Materials and Methods Top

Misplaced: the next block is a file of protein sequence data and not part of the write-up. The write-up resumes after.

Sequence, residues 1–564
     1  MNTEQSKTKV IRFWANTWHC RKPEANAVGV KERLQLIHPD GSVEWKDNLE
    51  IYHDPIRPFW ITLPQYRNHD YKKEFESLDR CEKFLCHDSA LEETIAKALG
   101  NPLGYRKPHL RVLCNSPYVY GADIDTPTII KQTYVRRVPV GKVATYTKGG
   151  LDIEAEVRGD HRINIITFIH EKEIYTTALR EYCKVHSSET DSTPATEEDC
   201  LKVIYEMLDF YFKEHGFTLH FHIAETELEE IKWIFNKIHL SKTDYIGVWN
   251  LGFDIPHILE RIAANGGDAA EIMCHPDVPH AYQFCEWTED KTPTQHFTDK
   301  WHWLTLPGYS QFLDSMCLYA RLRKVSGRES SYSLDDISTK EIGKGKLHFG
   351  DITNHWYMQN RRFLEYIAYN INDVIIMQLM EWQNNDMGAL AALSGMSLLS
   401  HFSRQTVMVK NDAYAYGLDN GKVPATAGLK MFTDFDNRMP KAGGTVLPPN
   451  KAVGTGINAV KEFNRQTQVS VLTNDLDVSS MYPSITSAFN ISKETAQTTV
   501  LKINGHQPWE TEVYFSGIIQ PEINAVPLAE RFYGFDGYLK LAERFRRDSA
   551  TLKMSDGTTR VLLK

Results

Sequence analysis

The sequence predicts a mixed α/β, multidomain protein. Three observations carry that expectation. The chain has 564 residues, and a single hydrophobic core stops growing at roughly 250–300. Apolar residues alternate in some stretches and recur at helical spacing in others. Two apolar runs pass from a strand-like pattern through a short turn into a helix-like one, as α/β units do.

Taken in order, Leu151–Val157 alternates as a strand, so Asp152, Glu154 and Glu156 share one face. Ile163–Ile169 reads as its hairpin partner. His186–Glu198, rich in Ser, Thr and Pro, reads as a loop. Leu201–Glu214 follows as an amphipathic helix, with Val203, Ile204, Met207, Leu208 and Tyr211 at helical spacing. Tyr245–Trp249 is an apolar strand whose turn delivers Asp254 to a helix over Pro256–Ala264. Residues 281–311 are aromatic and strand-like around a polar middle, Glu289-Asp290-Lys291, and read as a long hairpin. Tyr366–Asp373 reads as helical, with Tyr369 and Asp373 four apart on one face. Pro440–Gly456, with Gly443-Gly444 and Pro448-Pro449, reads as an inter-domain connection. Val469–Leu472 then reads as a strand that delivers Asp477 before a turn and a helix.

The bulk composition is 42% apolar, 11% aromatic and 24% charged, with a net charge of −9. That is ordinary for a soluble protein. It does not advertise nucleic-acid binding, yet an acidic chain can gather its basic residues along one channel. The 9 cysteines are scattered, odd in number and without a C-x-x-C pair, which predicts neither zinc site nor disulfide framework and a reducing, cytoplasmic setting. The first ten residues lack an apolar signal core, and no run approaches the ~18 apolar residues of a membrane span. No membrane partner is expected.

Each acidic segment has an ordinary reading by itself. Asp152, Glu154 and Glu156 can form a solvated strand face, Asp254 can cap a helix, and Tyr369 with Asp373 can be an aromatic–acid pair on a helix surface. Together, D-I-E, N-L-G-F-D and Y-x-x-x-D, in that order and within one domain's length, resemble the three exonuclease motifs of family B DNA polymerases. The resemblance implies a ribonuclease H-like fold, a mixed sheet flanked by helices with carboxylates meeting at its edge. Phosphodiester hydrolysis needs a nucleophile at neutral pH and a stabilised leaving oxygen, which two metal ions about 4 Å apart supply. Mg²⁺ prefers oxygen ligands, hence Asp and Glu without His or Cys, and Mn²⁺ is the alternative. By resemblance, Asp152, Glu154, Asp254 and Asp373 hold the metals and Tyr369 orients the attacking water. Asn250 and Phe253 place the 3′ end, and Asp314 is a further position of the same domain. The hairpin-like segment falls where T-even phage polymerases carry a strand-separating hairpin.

The present study was a comparative descriptive research approved by the Ethics Committee of Isfahan University of Medical Sciences, Isfahan, Iran. The study population consisted of all patients with type 2 diabetes who referred to the Endocrinology and Metabolism Research Center of Isfahan. The calculated sample size for each group was 63 subjects. The inclusion criteria consisted of being a patient with type 2 diabetes and referred to the above-mentioned center with an active profile and having made at least one visit to the center during the past year, being able to read and write, being recommended by a specialized physician to use insulin during the past 3 months, having an HbA1C level of higher than 7%, and not having any mental disorder or retardation based on the patient's profile. The exclusion criteria included amputation, physical disability, unwillingness to participate in the study, and not completing the questionnaire. The insulin recipient group comprised those patients who had been taking insulin at least for the past 3 months. Those who refused insulin therapy and were still consuming oral drugs formed the insulin refusal group. The target level of HbA1C is lower than 7% [18] and its increase is a criterion for recommending insulin therapy. Therefore, to eliminate the effect of the controlled factor of HbA1C, the insulin recipients also had an HbA1C level higher than 7%. The researcher studied the files of patients with type 2 diabetes in the study environment and sampling took place from September to December 2014 (for about 3 months). To begin with, a list of 140 patients who met the inclusion criteria was prepared. After confirming the cooperation of the participants, 126 patients were enrolled in the study and they completed the questionnaire. Written consent forms were obtained from the participants and they were ensured that their answers would remain confidential. Demographic data (including age, gender, marital status, educational level, and duration of disease) were gathered from the questionnaires and the files. After reaching the calculated number of samples, gathered data were statistically analyzed and homogeneity of age, gender, educational level, marital status, and occupation of participants in both groups was evaluated. Both groups had a similar percentage in the above-mentioned factors and statistical analysis also showed no significant difference between the two groups, except in the age factor. However, by controlling the variable of age, the results of QOL and its indexes did not change. Therefore, sampling was completed with these results. The Diabetes Quality of Life (DQOL) questionnaire was completed by the participants. This questionnaire was created by Jacobson in English and translated to Farsi by Masaeli et al., and its reliability was confirmed with Cronbach's α of 0.89. [19] This questionnaire includes 46 questions in four domains (satisfaction with diabetes, effects of diabetes, concerns about diabetes, and social-occupational concerns). Each question was answered based on a 5-point Likert scale and the total score of the questionnaire ranged between 1 and 5, which was obtained by dividing the total score by 46 (the number of the questions). Scores closer to 1 represented better QOL. The score of each domain is also calculated by dividing the obtained score by the number of questions of that domain. The time needed to complete this questionnaire is about 20 min. Moreover, questions about demographic characteristics of diabetics were also added to the questionnaire. To compare the QOL of patients with type 2 diabetes who received and refused insulin, data were analyzed using independent t-test, analysis of covariance (ANCOVA), Mann-Whitney test, Chi-square, and Pearson and Spearman's correlation through SPSS software (version 16; SPSS Inc., Chicago, IL, USA). In total, data gathering lasted from September to December 2014 (for about 3 months).